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The Alamance gleaner. (Graham, Alamance County, N.C.) 1875-1963, August 06, 1925, Image 1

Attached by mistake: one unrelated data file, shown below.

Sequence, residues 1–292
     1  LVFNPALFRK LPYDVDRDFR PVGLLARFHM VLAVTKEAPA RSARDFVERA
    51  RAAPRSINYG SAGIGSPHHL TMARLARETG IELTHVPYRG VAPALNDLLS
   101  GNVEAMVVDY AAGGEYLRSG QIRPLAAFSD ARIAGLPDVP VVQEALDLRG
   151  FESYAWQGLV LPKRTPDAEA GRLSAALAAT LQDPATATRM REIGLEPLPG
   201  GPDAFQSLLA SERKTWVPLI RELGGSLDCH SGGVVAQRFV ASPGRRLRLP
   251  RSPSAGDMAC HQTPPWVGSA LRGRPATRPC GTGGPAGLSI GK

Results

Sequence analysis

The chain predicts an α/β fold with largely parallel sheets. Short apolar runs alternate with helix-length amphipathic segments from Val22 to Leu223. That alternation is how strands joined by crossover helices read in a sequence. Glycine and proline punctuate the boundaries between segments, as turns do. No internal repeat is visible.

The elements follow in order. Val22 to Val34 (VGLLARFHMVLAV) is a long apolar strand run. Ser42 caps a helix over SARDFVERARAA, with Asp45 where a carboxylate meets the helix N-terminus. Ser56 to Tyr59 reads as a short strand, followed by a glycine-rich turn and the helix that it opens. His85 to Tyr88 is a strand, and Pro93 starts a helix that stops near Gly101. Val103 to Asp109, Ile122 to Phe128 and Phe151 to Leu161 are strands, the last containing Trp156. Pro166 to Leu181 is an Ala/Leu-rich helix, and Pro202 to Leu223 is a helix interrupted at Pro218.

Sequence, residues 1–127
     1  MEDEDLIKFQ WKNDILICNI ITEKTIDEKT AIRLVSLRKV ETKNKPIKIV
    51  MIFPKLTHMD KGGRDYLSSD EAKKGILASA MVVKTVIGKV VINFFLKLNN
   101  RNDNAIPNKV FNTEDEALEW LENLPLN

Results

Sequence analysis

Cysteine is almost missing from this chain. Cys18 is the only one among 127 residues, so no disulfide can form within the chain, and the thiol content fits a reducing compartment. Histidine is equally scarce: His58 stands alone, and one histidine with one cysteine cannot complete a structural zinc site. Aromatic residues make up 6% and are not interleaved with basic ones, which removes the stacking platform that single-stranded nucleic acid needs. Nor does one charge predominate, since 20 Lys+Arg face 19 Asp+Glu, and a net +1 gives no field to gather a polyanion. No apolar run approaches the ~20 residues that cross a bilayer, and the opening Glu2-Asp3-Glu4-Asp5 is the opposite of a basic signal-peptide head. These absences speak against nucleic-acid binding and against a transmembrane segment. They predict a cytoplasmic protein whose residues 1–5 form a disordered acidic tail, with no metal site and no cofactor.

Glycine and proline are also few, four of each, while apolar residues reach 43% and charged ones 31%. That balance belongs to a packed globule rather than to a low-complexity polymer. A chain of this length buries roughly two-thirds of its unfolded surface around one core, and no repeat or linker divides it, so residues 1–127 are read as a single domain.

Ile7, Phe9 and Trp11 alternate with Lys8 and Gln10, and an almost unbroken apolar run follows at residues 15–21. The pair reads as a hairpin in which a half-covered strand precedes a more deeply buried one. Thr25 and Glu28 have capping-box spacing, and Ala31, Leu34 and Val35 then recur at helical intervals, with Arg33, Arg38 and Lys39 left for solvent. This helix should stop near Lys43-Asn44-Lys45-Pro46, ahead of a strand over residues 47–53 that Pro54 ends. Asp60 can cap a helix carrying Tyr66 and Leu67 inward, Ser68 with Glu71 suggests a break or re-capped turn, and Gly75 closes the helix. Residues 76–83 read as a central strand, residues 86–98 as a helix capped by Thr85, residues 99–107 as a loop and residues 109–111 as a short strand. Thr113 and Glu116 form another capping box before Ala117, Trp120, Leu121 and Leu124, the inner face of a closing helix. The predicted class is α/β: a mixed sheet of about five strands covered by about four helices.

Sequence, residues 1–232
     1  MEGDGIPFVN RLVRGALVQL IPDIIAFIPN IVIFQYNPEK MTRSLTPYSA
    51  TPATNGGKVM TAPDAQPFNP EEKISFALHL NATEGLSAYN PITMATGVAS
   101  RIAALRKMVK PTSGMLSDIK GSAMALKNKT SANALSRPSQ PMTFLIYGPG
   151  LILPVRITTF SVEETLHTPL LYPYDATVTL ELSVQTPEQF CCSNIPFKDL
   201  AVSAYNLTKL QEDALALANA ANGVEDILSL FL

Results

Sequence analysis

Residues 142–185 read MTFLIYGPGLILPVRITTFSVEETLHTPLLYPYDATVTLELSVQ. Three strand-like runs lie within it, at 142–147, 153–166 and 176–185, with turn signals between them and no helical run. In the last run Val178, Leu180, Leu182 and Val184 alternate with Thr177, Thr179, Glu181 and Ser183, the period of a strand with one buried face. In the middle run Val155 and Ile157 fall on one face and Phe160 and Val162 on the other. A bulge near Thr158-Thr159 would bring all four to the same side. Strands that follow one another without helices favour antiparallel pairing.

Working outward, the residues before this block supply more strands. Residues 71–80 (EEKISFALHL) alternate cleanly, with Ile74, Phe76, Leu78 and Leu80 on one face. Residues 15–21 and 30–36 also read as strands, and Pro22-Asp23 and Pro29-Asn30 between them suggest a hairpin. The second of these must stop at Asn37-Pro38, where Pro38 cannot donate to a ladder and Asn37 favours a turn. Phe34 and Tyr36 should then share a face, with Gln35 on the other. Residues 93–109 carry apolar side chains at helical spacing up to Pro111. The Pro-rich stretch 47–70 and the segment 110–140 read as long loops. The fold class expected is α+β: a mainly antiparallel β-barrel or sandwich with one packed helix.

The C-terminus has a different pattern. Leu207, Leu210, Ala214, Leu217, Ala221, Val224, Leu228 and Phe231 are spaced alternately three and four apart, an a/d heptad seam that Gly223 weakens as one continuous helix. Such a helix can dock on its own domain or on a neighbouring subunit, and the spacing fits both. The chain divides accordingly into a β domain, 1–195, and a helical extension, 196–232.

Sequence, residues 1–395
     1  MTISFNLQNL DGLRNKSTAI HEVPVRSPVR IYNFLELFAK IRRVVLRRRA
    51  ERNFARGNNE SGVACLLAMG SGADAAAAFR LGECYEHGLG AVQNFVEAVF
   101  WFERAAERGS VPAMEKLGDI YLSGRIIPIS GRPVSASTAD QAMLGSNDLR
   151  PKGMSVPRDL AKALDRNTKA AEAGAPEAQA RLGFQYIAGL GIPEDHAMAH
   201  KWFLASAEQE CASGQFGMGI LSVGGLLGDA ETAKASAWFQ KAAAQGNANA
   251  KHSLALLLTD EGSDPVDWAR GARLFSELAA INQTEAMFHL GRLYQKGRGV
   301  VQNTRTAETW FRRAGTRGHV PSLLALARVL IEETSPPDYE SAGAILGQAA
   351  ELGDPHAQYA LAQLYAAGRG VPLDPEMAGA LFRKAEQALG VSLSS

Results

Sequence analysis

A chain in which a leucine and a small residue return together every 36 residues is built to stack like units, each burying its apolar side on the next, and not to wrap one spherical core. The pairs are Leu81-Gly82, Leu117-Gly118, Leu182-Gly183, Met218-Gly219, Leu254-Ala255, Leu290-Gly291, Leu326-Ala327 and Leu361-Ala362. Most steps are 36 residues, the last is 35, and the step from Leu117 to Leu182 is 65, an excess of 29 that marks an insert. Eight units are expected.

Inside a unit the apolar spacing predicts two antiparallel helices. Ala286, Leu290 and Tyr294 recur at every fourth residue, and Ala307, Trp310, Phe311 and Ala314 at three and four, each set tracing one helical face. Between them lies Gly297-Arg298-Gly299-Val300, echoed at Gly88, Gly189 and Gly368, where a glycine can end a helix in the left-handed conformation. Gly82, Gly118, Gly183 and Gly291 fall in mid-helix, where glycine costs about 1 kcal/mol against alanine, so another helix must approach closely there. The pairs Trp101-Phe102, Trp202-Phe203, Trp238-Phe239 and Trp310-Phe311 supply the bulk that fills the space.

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VOL. LI *WORST BOY,» BUT NOT WHOLLY BAD Judge Astonished at Re markable Reformation. A police court reporter sees a great deal of the wrong side of human na ture. He could perhaps become a misanthrope If once in a while something did not happen that shows how much good there may be hidden even in the most unpromising human beings. Wil liam T. Ewens in {Thirty Years in Bow Street" tells of a case that came under bis own eye that taught him not to condemn anyone as wholly bad. "He's the worst boy in the district," said the Jailer, referring to a red haired urchin in the dock. "He treats his mother shamefully.'^ "Oh, don't say that?' pleaded £lie mother tearfully. "He's a dear, good boy to me, ain't you, Joe?" ~ Joe grinned. He was an accom plished young liar, but he drew the line at aiding and abetting his mother when she told such a palpable un truth as that The Jailer had not slandered him when he described the way In which he treated his mother. Fortunately perhaps for her, he was the only child she had. She lavished all her love on him, worked day and night in order that he might live in idleness and contented herself with scanty fare so that he might have good food and plenty of it Even in the depth of winter she wore thin clothing in order to provide him with good boots and a warm overcoat Every night he went to her for pocket money and got it. At least twice a week she had to give him epough to take him into the gallery of one of the cheap theaters, and while he was enjoying the play for sixpence or so, with perhaps fried fish and potato to follow, his poor old mother was prob ably crying herself to sleep. He re warded all her kindness with base In gratitude, and sometimes with per sonal Violence. As years rolled on and the boy grew Into a red-haired ruffian it was useless for his mother to plead for mercy on the ground that he was "a dear, good boy," and he was sent to prison on several occasions. His mother always met him at the prison gates, and he had what he described as "a high old beano" with the money she had saved during his retirement. Then there came a sudden change— the most remarkable change the mis sionary then at Bow street had ever known or heard of—the poor old woman suddenly became blind. The son, instead of 111-uslng her be cause she was no longer able to min ister to his wants, became a re formed character. He gave up hla evil companions and worked hard in order that his mother might have all that she required. On Sunday night he astonished all who knew him by leading the poor creature to church. He was virtually the only nurse she had during a painful illness, and Just before she died In bis arms, she was heard to say: "He's a dear, good boy to me, is my boy. I'll pay hla fine, air. If you'll let me." And soon after the funeral Joe went to one of the colonies where he did well and reared a number of reP haired boys who never saw the in alile of a police court. Dog Wat Cap Collector It was a great mystery for a time, the disappearance of caps belonging to children at a Philadelphia public achool. It threatened to be one that only a master mind could solve. Then one day the blacksmith across the way came to the office of the principal with four caps. Asked where he got them, he aald: "Why, ma'am, my dog brought them to me —one at a time —this morning." And sure enough, aa the blacksmith and the teacher stood there talking, along came the dog. He went Into the cloak closet and In a Jiffy was out again—a cap In hla mouth. They followed him Into the blacksmith shop, and there. In a corner bidden by anvils, was an assorted collection of caps. Modern Girl'a Champion Basil King, the Canadian novelist, said as he boarded the Mauretmxla for a visit to Spain: "It is true that I am going blind, but I see clearly that the world grows better. Some people condemn the i modern girl with her audacious dress, but I see clearly that the modem girl Is the same prudent and cleer minded creature that her mother was. plus greater strength and courage. Tea, she's prudent and dean minded. A Montreal girl in boots and riding breeches said to me one after noon over a cigarette and a cup of ten: * " 'Men are not bargain hunters— and the girl who cheapens herself soon finds it out.'" Forward March Not much use in looking ahead un less yon go she*d.—Bostoo Transcript THE ALAMANCE (JTLEANER. Varioas Uses Found for Wood of Cypress In 'some southern cities heavy cy press planks are used for street curb ing. Agricultural implement and ma- chlnery manufacturers make seed boxes of It, wagon makers employ It for beds, and carriage builders work It into panels for fine bodies. Automobile makers put It to similar use. Its slight tendency to warp has caused its employment by builders of incubators. Car shops use it for freight-car siding, piano manufacturers make shipping boxes of It, anQ It Li a material both for coffins and the boxes In which coffins are shipped. Skiffs, steamers, and yachts are oc casionally- finished In cypress, and many builders of gasoline launches are said to be using cypress exclu sively for hull planking. It also makes handsome church pews and benches. Telephone boxes and switch boards of cypress are coming Into use, and speels for some purposes are turned from the wood.' Apiarists em ploy it for beehives; fishermen for seine floats; furniture makers for stools, tables, and curtain poles; mold ers and machinists use it for patterns; merchants for boxes. Church and Business Make for Longevity Statistics which have reached the Labor department have Indicated that French clergymen and business men live longer than men in other profes sions, their average being 65 years f)r clergymen and 04 for men in busi ness. Next come the farmers, with an average of 81 years of life, while soldiers, lawyers and workers, though living under entirely different condi tions, average 57 years. School teach ers and physicians show the lowest average, 52 years. This Is explained by the fact that educators, from the university professor down to the coun try schoolmaster, are underpaid. The report'does not seem flattering to the government. It says: "Officials are as underpaid as the professors, but while the latter have to famish stren uous mental effort, which should be supplemented by better food and less material worry, the former lead a sedentary, carefree existence and ma terial worries do not shorten their Uvea." Worth-While Furniture Gradual buying of worth-while fur niture la se much mere sensible than hasty selection of a panorama of pieces that do nothing more than relieve a home of utter barrenness. Apparently It never occurs to some people to buy part of a handsome anlte when they can't afford the suite complete. They crowd a room with tawdry matching pieces, Ignoring the future of their home entirely, when they might hap pily combine a lovely new dresser with the simplest bed, until their matching pieces can be bought. Mabftgany and walnut finish go well together, walnut and certain finishes of oak combine agreeably, but mahogany and oak will not make frienda.—Family Herald. Evidence at Hand An American tourist in Italy was somewhat embarraased by learning of the custom in vogue in the Italian post office, where It se«ms, one cannot ob tain possession of a registered letter unless some post office employee knows yon. The tourist came out of the post office In despair, aa she knew no one in the town. Suddenly a man lounging outside came up to her and asked If she wanted "« witness to iden tify heir," and aald that his charge would be trivial. He took her back to the post office, swore that he had known her since tfhildhood, likewise her parents and grandparents, and she got her letter. I Lovf?» Fundamental* ' To embrace the whole creation with love sounds beautiful, but we must be gin with the Individual, with the near est And he who cannot lore that deeply. Intensely, entirely, how should b« be able to love that which la re mote and which throws bat feeble rays upon him from a foreign star? How ahould ho be able to love with any feeling which dsesrras the name of loveT The greatest cosmopolites are generally the neediest beggars, and they who embrace the entire universe with love, for the most put, lore noth ing but their narrow set£.—Herder. Queen Woe Thn/ty ImNBB. the tragic queen. wife of Edward n, was apparently a thrifty queen, for in the records at the Brit* ish museum may It* found her holiest book, in which she recorded among other things that she had paid 20 shUUagy to a poor man whose house had been taned down and other items, sach as'paying for the binding of a black carpet and the lining for her chariot Most homely of all charges is the one showing a sum paid oat for repair to the hath. She was extravagant in some isspucts and quite generous to the peer sad aalsHaasta , GRAHAM, N. C., THURSDAY, AUGUST 6, 1925 Ancient Castle Now , Used as an Office There Is a castle twenty odd miles down the river from London which houses a complete office staff In much the same manner as might a block of chambers In the city of London or elsewhere. It was tullt In the Seven teenth century, and la of Norman de sign. This ence fortified stronghold lies off the London road which runs lito Gravesend, the castle overlooking the Thames is almost In direct line with Tilbury Docks on the opposite side. The approach to the castle Is by a slope cut out of th'e chalk cliffs ofT the main highway. Northfieet tdtwn lies* several hundred yards distant 3nce the ornamental gateway at the foot of the slope Is reached, the Twentieth century Is left behind. Nearby Is an ancient dockyard. This fell Into disuse many generations back; but not long ago a plant for the manufacture of paper wus installed on the site. Thus arose the problem of accommodating the clerical and other staffs employed In the business during the ordinary working hours. The demand for castles by the moneyed classes being somewhat limited, the stronghold at Northfieet was taken oyer and Its Interior con verted Into up-to-date offices. Yet modern as Is the interior aspect, the view from within across the river Is still by means of cross-bow windows and stone mulllons. Humble Clam Uses Tools to Build Home The use of tools by so lowly a crea ture as a clam Is described by Dr. D. T. Marshall In Long Island Life. There Is a species of clam called a piddock, which bores boles In hard clay and soft rock and spends Its life In the cavity so made. The piddock burrows Its home In the rock by con stantly turning Its rasplike shell In the cavity. This explanation Is all very well after the hole la started, but how about the beginning of the hole before the piddock could get In to turn round? The piddock begins the hole by rub bing the surface with Its foot, or, as one may 'as accurately describe It, with its hand, in which It holds a handful of sand gralna. Is not tills just as much making use of a tool as the action of the housewife who uses a handful of sand to scour a pot? Two I magma in Metal I saw once lying side by side In a great workshop fwo heads made of metal. The one was perfect; all the features of a noble, manly face came out clear and distinct In their lines of strength and beauty; In the other scarcely a single feature could be rec ognized; It was all marred and spoiled. "The metal had been let grow a little too cool, air," said the man who was showing It to me. I could not help thinking how true that was of many a form more precious than metal. Many a young aoul that might b« stamped with the Image and super scription of the King while it is warm with the love and glow of early youth Is allowed to'grow too cold, and the writing is blurred and lhe Image Is marred. —Canon Telgmuouth Shore. Silver Conductore Many questions are constantly being received which refer to the desir ability of using silver as a conductor In radio recelvera. The answer is that silver Is the best conductor of elec tricity known and has several advan tages over any other conductor. Most aaetals, such as copper, brass, etc., are sutject to corrosion. This corrosion, which forms on the surface of the metal, greatly increases the resist ance of the conductor to radio-fre quency currents, which travel on the surface. This Is not true iq. the case of silver. Sliver oslde, which la the corrosion which forms on silver, Is an excellent conductor of electricity. Be cause of this fact silver Is an Ideal metal for switch contacts, tube sock ets, etc. If You Want Solitude Anyone searching for solitude should go to Trlstsn da Cunba. a very lovely Island which la a six-day trip by steam er from Cape Town, South Africa. That statement should be modified to say a six-day trip when steamers run. but It la often many montha before a ship calls at this little south Atlantic Island. The inhabitants, few in num ber, would starve were It not for occa sional supplies, which are brought ashore with great difficulty, owing to die surf. Quail Can't Dispel Scent Quail do not have the power to withhold their scent, as is believed by a number of gunners. They msy be se frightened st the approach of dogs that the scent temporarily leaves them, bnt the act Is unintentional. Some gunners have a habit of wait ing a few minutes before following a scattered covey to cover, thus giving the birds a chance to thr«w off soma MOW DIAMOND DEALERS GUARD THEIR PRECIOUS GEMS.-J- In the wholesale Jewelry district of New York, where millions of dollars' worth of diamonds and precious stones are daily han dledl extraordinary precautions are taken against possible liold ups. It is of course a simple matter to provide burglar-proof vaults. In buying and selling precious stones it is necessary, however, to remove the gems from tlie sufes to display and examine them. The offices where fortunes In gems are handled are Ingeniously safe guarded. The system employed Is evidently efficient, since a holdup In dluinond dealers' of fices Is unheard of. The casuul visitor to these offices will scarcely notice the precautions tuken to guard against attack. The offices us ually contain an outer room'en closed by high partitions. The only employee In evidence Is seated behind a small wliußfw. When the visitor satisfies the Observer at the window, and not before, a door is opened in the partition, and on his entering Is quickly closed. The office is divided Into a series of rooms or cubicles, each enclosed with high partitions. 1% enter nay one of these the door Is opened by the observer behind the win dow In the outer office. Listen carefully and you will hear the click of the catch as It is con trolled, opened ond closed from the outer office. It Is impossible to gnln en trance to one of these Inner rooms without the help of a man in the outer ofllce. Once inside, the door Is fustened, and it can only be opened from the desk outside. Should a holdup be attempted In the outer office the thief would find himself con fronted by n formidable bnrrier or series of barriers. Should the man in ttie office be over come the doers to the. Inner rooms would still remain locked. Let the tlilef attempt to hold up any one after gaining admission to the offices qpd he would be locked in without the asslstnnce of the man in the outer office. The machinery work# so smoothly, that the casual visitor Is unaware of the precautions that surround him. How Mas»achu»etts Town Copet With Tuberculosis With meney given by a life In surance company the National Tu berculosis association has staged in South Framlnghum, Mass., a seven year demonstration that tuberculosis may be swiftly lessened In any town. In enlightened areas the disease Is on Its way out, anyhow} towns about South Pramlngham show a seven-year reduction In tl\p death rate of 32 per cent. But in South Framlngham the reduction was per cent, says the New York World. Fighting tuberculosis pays in bard cash. It pays an Insurance company and its policy holders to have risks live longer. It pays a town to have fewer workers on the sick list. The South Framlngham campaign cost $2.40 per capita, and the town was spending |2 per capita for health work before It began. There was no magic and little medi cine in the demonstration. It was the duty of the doctors to cetch the disease before it got too long a start in sny case. Then Its transmission to others could be prevented, anil the pa tients often cured by "extensive pas teurization of milk and pe'rsonal hy giene, with attention to exercise, rest, recreation and moderation in all things." How Mystery Was Soloed One of the most S|>e:tacular forms of lightning (If It ran be so called), occurs In the Andes, and haa occasion ally been reported from other moun tainous regions. At times the moun tains seem to set ss gigantic light ning rods. giving rise to more or less continuous diffused discharges be tween themselves snd the clouds, says Nature Magazine. A few years ago American meteorologists thought they had found an example of this striking phtnomenon In North Carolina, but the once mysterious "Brown mountain lights" have been proved to be mere ly the beams of distant locomotive and automobile lieudllghts or due to other human agencies. Means Majority Rule "Preferential voting" Is s system ot voting whU-h ullows each voter the right to expreoa not merely his first choice, but his second snd third choices among the candidates. The object of preferential voiing is to secure the election of persons desired by a ma jority snd not merely s plurality of the voters. s JSUMM Pr&achenf*Sons High in World of Finance From time Immemorial the sons of preachers have enjoyed a bad reputa tion, go that men have thought of them as men of old thought of Nazareth—that no good could out of them. Of course this charge has never been able to stand up statis tics, but what care men toe statistics when they see a living example of the truth # Nothing proves more clearly the vi tality of error than the fact that though the contrary about preachers' sons has been proved repeatedly, you can never mention the downfall of a preacher's son without hearing some one say, "Well, j&u can expect noth ing else from them, for preachers' sons are generally bad." We have long since of ever overtaking this error with respect to their morals, but we wonld like to call attention to their achievements as moneymakers. Mr. Babson, than wbom' there Is no higher authority where statistics are involved, - has been looking Into the records of preachers' sons, and fie has found that whether* the preacher him self Is a. moneymaker or not his sons, at least, have a fine record In that line. He sa/s that 40 per cent of the millionaires of this country and Can ada are sons of preachers. Our popu lation of 112,000,000; and there are 200 millionaires. It follows then thst It takes 0,000 preachers to produce' one per cent of the millionaires, while It takes 1\8G3,- 833 of the general imputation to pro duce one per cent of • the millionaires. A little figuring will show that as wealth-producers preachers' sons pro duce 376 times as much as all at the other professions combined. T)n one side we place the sons of the manse whose reputation Is not above par, and on the other side we gather all the financiers, doctors, lawyers, professional men, with their big f*es, and the great army or labor ing men The sons of the manse are able to accumulate as much as this great mass of men. As a certain cereal beverage has it, "There Is a reason."—Presbyterian Standard. Varnith Pr—rv— Bona The warnlqg "handle with care" may no longer be so necessary In mu seums and laboratories where vain able bones . of dinosaurs, mastodons and men'e departed ancestors are pre served and studied, according to Prof. E. a Case of the University of Mich igan, who has found that by use of a varnish made from bak elite fragile material may be preserved In a prac tically Indestructible medium. The usual means of making * such speci mens somewhat more durable has been to treat them with .shellac. As an Illustration of the success of the new method. Doctor Case says: "A human skull was selected that the writer could have crushed In his hands. Aft er treatment Is was dropped upon a table top, at*first, and final ly from a height of 18 Inches upon Its vertex wltbeat Injury." » Local Color An Armenian pageanf was being given. Several Bible scenes wen en acted. One of them represented the nativity, with the scene, of coarse, laid in a manger. Just sa th&enrtain was being drawn, a rather distant automobile born oat on the street wss blown. An Imagina- woman with a party of friends heard this and a pleased smile Il luminated ber face. "Now, Isn't that clever of these pageant people I" sbe exclaimed. In a vtflce beard several feet sway, "Having a cow moo off stage, In order to get the proper at mosphere of the manger T Piano* Fight Pmat* Forest caterpillars which are thfeat eoing German forests are being at tacked by low-flying airplanes that spray thousands of pounds of srse nated potash on tree tops, resulting in the destruction of hundreds of thou sands ef the destructive worms. The Germsn department of agriculture is continuing the battle with augmented armaments. Sprays and gases are to be uaed from the ground while the airplanes attack from above. Similar antlcaterplllar campaign* are planned throughout the country.—Family Her ald. I Wolves Com* Back Wolves hav« been increasing for several yean, especially to the north ern state*. Whan the price of wolf skins ran as high as SSO a* animals were hunted with enthusiasm, while today, with the value of skins leas than half what It was, the wolves often allowed to Increase. The danger from wolves Is especially great In Canada, and these "cross the border into the United States In large numbers, prey ing upon the cattle and sheep and do ing great damage. The gray , timber wolf Is the commonest species. Boy Had Good Idea of Penalty of Lying "Yon know, where people go who toll lies?" said a court official at Newcas tle, England, to a small girl In the wit ness box recently. "Yes, but I dont believe R," was the reply. This Incident jigs suggested to an English commentator an Instance where, the converse of the Newcastle episode occurred In the court of Judge Maule a few years ago: A small boy was placed In the witness box and was asked the same question, "Do you know where people go who tell lies?" on which Maule commented: "If he knows that, it's a good deal more than I do." However, the byr did know, for he was taken through s catalogue of offenses from telling lies to steallhg apples, and replied "Hell-flre" to all,of them. Counsel suggested that he was not competent. 'The Judge demurred. "He thinks that for every willful fault he will go'te hell-fire; and he 1s very likely, while he believes doctrine, to be most strict in'his observance of the truth.* If you and I belleveh that such would be the penalty for every offense we "committed, we should be better men than we are. Swear him." —San Francisco Argonaut. Traditions Tell of Many Sunken Cities Traditions of sunken cities are al ways Interesting. »Iloth Klllarney and Lough Xeagh are reputed to. have once been the sites of famous Irish cities, drowned as a punishment for the wickedness of' their Inhabitants. Holland bousts of several ruined towps sunk at the bottom 'of the Znyder zee, while off the cost 'of Holsteln lies bur led the "legendary , city. of Vlneta, whence (so fishermen say) the tolling of the bells in the'church splrescomes up faintly through the waters on quiet days. of all Is Ts, said to have stood Is the Bay of* Douarnency, a little west of Qnlm per, la Hrjjtnny. Ts was a magnifi cent city, built below the level of tha serf, and It owed'Ha destruction to a certain wicked princess named Dahut, who, to gratify an Idle whim, opened the sluice-gates and herself perlnhed In the ru4n which upon the city. * • Bear it Photographer! A student of forestry was camping with- two frienda In the wildest part of Allegheny park. Taking his camera, he rambled oft alone to look for pic* taresque subjects. He had placed his camera on a fallen tree, and had gone some little distance to get a viewpoint, when be •aw a black bear browsing amongst some berry* bushes. He was scared, and. forgetting his camera, sped back to his camp and companions. With them Ije returned to the spot, bat, In the meantime, the bear. had disap peared. The camera was still on the log, but a plate had been exposed. When It was developed It Showed the frightened young man ID rapid flight down the tralL The' bear, Investigating the camera, had touched the trigger .with Its nose. SadlrfM W*ll j ▲ question as to the Identity of a I person named Sadler has been sug ! gested by a recent appeal, sponsored I by leading men, for the restoration tp I the nation of the historic theater • known as Sadler's Well. Sadler lived In the time of the Stuarts, and was a ! road surveyor and a property owner. ! One day some workmen, while digging ; for gravel on a piece of land belong ing to him In Clerkenwell, came on an ancient well—one of the medicinal springs to which pilgrimages were for- made. T«he site at onfe became , a popular resort. Sadler built round ! It a pleasure house, set In pretty gardens and groves of trees. He pro vided music and other entertainments, and In a short time the existence of the waters was aWuoet totally forgot ten. —Family Herald. Easily Explained Bluebell* 1* a lovely girl. reople like ber. She bu.i way with her, a way that Invite* confidence#. Bat' sometime* one of ber co&fidlng friends baa to take ber to taak mildly. "Bluebelle." aaid one of these, "1 don't gave that secret away. When I told it to you the other eve ning I made It between you, me and the gate post." *' "Well, you remember it was a strange gate post," responded Bluebelle gravely. Billets Dot ur There la a peculiar und subtle and quite Indefinable pleasure that comes to a man when the woman he loves first writes to'him. Soever curt, so ever banal the letter, there Is no mat ter. It Is something from her to him; something altogether private and se cret ; something she has set down for him to read; something not to be ■bared with a sordid world.—Prom Tb# Rasp," by Phillips Macdouald. NO. 27 Great Artist Reached Helping Hand to Manf, When a man become* so that he Is In a class quite by hhuidßi legend springs up all around Win and everything that he says Is quoted tad handed about, Edwin EL masliMj writes In the North American Review. It Is noteworthy Indeed that among all the stories not one has'ever bees to John Singer Sargenfs disadvan tage. Modest ha waa and generous to his fellows, delicately considerate and magnanimous. When Carroll Beekwlth, one of tin most Intimate friends of his youth, died, his widow told' me that John, as she always called' retouched for her many of Carroll's studies to put them In more finished and sale able condition,, and when Abbey** hand Was arrested In the midst of his decorative work for the Pennsylvania capltol it Harrisfcurg* Sargent hurri edly made a long journey to superin tend the completion of some of the panels, superintending, nota ben* with a careful avoidance of person-. aHy touching a brush "to the canvan Wise he was, too, as to theory, and valiant as to principle; In the days oC reactionaries he was a progress!** and irten the race for notoriety at any price began he was a conserva tive. In one of his letters to me ha declares that, himself, as ha grows . old he Is "becoming rathe* proud of being _ called pompier." Must Risk Life to * Look From Mountain Do you know that the weather la manufactured on a huge'rock on Look* out mountain, Chattanooga, Teim., not at Medicine Hat or, Washington-aa we have always supposed? The weath er rock is a' giant slab of peculiar shape projecting from the mountain top far over the green valley 2£06 feet below. It Is necessary to crawl out on hands and knees to look over the edge, but the view Is well worth the peril. Faftns, villages, white high- ways, wooded hills and winding riven are so farJ>elow the adventurous spec tator that the country looks like a flat map done in emerald and Silver, much as it does from an airplane. It take* Iron nerves and a clear and stead* brain to peer over the dizzy verge, even lying flat on one's stomach—a simple slip means'certain'death, ,as there ts not so as a blade of grass to hold on by, only the smooth gray rodt and loose pebbles, which roll «at a touch and give one the sickening sen sation of sliding toward the edge. Stranger Guested Well A captious traveler In northern Ar kansas stopped by a fence to criddNl a near cornfield, which met his dlssp' provaL "Mighty small corn yon hava there I" he shouted to the man who, was«"superln tending the growth" from a shady corner>9 "Tea," said the Arkaaaan. "Planted the small kind." ,4 "Looks mighty yellow to me for this time of year." "Yes. Planted the yellow kind." "Well," said the traveler, seierety, "I can't understand yoJr method of farming. Ton won't get over halt a, crop there." * "No," said the Arkansan, cheerfufly. Ton are shore a good gueseer, stran ger. Half a crop that's mlna I .planted this on sharea."—lTan—g City' Star. On Their Behalf The minister in a little church that used natural'gaa for illumination an nounced his text la solemn tones — "Tea, the light of shall ba put outl" . . Immediately the church was- plunged In total darkneaa, due to n failure la the supply. "Brethren," said the minister, with scarcely a moment's pause, "In view! of U>e sadden and startling fulfillment of this prophecy, we will spend a few minutes In silent prayer lor the gas company.* Plain Geld Ring The wedding ring of plain goM, which Is a survival of Saxon time* has outlived several' attempts at change of fashion. For Instance, at the marriage St Queen Mary of England to Philip of Spain the English statesmen debated the question of the ring' and wished to have it Jeweled, but Mary herself Intervened by declaring that she weald not have It set with gems, for iha , chose to be wedded with a plain hoop , of gold like other maldena. —DetMt | Free I'ress. Historic m Rock Scylla Is a famous rock In the Strait ef Messina, off.the coast of Italy, and opposite to a whirlpool called Cfcaiyb dls on the Sicilian coast Prom tha supposed difficulty of navigating thin 1 narrow strait In ancient times, with out falling a victim to one or other ef 1 these terrors, arose the Latin sayings i "He falls Into Scylla that wiahes ta 1 avoid Chsrybdis." —Kansas City